Celebrating the women leading community business: Kim Johnson MP, Squash Liverpool

Kim Johnson recently became Liverpool’s first black MP – representing the Riverside constituency – but she’s also the chair of Squash – a nutrition, arts and training initiative whose cafe won a BBC Food and Farming award within its first year of trading.

Kim is a long-serving community and union activist, having been deputy chair of Unison’s National Black Members Committee, creative diversity manager for Liverpool’s Capital of Culture bid team as well as working on Labour’s Sure Start and childcare strategy at the Department for Education.

Kim qualified as a youth and community worker in 1981 and has been involved with aspects of community business for some time. “I was working and studying in the late 70s andearly 80s and started volunteering in a local youth centre where I used to go as a young person,” she said. “I thought, I like this. So, I decided to go and get qualified as a youth and community worker, and I was involved in the field for 20 years.”

For Kim, working with people to improve their lives and communities has been at the heart of everything she’s done in her career. “It was very much about working with local people – enabling and empowering them to take decisions for themselves in terms of what the community looks like, what the housing looks like and supporting them to campaign and take action on issues that affected them and their families. It was working, essentially, to make myself redundant by passing on skills and experience for communities. It’s a bit like what Squash do for themselves.”

“I’ve always resided and worked in the area where Squash is located and I’ve been aware of Squash for over ten years,” she said. “When I used to work for Liverpool Capital of Culture, they did a big corporate event for us.” Kim used to sit on the board of local organisation called 20 Stories High with Becky Vipond, who co-founded Squash with Clare Owens in 2007. “Becky and I got to know each other there and then both of us left the committee as we had served our tenure,” Kim said. “I was asked to get involved with Squash, and a couple of years later I was nominated as chair, and I’m still the chair today.”

According to Power to Change’s 2018 grantee survey, 55% of community business leaders identify as female. Kim reflected on the reasons why more women are leading community businesses and making change in their neighbourhoods: “I think that women have historically been the driving force in terms of wanting to make change, because it’s about wanting to make long-term change for not just themselves but their kids too.” Kim referenced a quote from African scholar and educator Dr. James Emman Kwegyir Aggrey, who once said: ‘If you educate a man, you educate an individual. If you educate a woman, you educate a whole nation.’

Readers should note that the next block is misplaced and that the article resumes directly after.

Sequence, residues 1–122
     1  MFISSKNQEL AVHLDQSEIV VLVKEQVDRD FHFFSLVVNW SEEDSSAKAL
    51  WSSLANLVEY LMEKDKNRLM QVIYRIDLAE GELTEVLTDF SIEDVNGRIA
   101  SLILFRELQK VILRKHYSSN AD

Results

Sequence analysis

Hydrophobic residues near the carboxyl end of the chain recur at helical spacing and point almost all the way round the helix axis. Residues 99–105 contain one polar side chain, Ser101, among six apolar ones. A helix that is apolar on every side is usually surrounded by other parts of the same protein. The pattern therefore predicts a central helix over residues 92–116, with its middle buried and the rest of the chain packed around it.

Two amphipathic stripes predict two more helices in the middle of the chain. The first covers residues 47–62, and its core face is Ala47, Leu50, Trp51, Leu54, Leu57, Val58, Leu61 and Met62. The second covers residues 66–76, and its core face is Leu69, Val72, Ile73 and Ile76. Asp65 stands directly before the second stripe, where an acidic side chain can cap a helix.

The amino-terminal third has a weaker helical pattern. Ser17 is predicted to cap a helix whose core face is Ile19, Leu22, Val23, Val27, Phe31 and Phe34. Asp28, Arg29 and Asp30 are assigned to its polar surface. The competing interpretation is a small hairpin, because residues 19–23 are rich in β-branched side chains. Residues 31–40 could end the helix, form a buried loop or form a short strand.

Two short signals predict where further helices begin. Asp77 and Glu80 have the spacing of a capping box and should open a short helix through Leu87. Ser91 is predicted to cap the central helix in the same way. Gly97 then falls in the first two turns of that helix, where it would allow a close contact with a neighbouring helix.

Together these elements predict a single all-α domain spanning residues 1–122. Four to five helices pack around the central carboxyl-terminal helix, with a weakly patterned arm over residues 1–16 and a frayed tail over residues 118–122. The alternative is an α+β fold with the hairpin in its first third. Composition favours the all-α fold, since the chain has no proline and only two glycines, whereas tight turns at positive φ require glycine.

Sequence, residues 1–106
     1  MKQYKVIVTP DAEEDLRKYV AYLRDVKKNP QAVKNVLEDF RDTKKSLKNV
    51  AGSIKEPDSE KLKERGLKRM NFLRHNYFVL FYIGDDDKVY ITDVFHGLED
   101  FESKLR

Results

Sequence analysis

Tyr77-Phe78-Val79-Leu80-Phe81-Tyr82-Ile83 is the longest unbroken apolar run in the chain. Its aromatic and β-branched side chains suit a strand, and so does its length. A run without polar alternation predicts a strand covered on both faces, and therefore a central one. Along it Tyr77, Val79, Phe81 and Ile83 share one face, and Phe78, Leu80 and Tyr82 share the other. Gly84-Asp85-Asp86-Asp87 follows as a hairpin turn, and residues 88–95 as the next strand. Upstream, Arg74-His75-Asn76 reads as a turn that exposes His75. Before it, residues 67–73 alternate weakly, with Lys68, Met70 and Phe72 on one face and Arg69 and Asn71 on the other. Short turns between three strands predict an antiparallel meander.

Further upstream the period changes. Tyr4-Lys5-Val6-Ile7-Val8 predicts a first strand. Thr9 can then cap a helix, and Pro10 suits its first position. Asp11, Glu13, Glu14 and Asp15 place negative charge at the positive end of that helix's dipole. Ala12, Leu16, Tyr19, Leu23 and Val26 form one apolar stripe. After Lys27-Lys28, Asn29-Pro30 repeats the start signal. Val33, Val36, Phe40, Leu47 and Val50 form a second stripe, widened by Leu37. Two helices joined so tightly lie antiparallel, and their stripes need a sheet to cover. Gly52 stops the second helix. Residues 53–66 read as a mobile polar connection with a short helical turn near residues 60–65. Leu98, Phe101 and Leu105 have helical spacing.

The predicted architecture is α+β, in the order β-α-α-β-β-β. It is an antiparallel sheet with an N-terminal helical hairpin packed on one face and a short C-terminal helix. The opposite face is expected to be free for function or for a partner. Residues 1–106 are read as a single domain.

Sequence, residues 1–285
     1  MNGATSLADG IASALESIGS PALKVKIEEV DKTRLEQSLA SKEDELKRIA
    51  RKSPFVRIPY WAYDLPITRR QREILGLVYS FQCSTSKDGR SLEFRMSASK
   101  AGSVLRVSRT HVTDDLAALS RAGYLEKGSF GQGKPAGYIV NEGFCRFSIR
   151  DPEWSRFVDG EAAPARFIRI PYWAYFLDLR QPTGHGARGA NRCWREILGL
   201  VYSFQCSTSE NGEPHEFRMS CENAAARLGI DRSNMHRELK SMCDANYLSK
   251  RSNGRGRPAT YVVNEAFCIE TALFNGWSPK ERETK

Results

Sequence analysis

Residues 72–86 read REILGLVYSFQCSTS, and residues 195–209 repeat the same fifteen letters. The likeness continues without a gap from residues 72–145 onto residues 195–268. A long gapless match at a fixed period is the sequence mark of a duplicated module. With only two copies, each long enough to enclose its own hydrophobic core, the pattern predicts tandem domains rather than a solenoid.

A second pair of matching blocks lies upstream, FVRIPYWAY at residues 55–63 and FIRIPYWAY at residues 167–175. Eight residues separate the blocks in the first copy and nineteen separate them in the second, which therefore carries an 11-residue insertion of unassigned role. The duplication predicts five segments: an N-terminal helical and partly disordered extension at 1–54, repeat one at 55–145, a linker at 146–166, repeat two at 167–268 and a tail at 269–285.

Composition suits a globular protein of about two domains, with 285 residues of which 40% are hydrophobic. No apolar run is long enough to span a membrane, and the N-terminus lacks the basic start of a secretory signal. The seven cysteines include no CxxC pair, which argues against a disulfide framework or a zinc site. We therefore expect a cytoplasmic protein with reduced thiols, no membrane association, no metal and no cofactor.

“I think because, generally speaking, women are concerned about community safety issues in their areas, they’re concerned about the lack of childcare provision, so they’ll campaign for those kinds of things,” said Kim. “I worked with Sure Start and I was part of the North West team that helped support the initiative across the region. From my point of view, lots of local women got involved with doing things because they were really interested in social issues.

“For me, Sure Start was a great way of getting women more active and involved. Ultimately what happens is that you get more volunteers, they develop transferrable skills and then they’re then able to apply for jobs. It comes full circle. It’s beneficial for them and their community.”

If you educate a man, you educate an individual. If you educate a woman, you educate a whole nation

Dr. James Emman Kwegyir Aggrey

Kim was recently elected as Labour MP for Liverpool Riverside – an historic moment for the city and Kim herself, becoming Liverpool’s first black MP. “I think it’s been a long time coming. Liverpool has one of the longest established black communities across Europe, along with the very historic Chinese, Yemeni and Somali communities. So, we have one of the most diverse communities and yet we are not represented in a lot of areas in the city.”

Kim will continue to champion Squash in her new role, although she added: “Not that it needs me to because it’s done exceptionally well – because it is such an amazing organisation and because of the work that it does supporting local people – it’s very organic in that respect. I think that other organisations could learn a thing or two in terms of how it engages and supports the community.”

What would Kim most like people to know about her? “I think never judge a book by its cover. I would say I’m a bit of an enigma in that I listen to the Archers [BBC Radio 4 programme], I have a weight-training qualification. I’m hardworking, tenacious, and with a lot of integrity.”

To find out more about Squash and their work visit www.squashliverpool.co.uk and follow Kim’s journey in Parliament on Twitter @KimJohnsonMP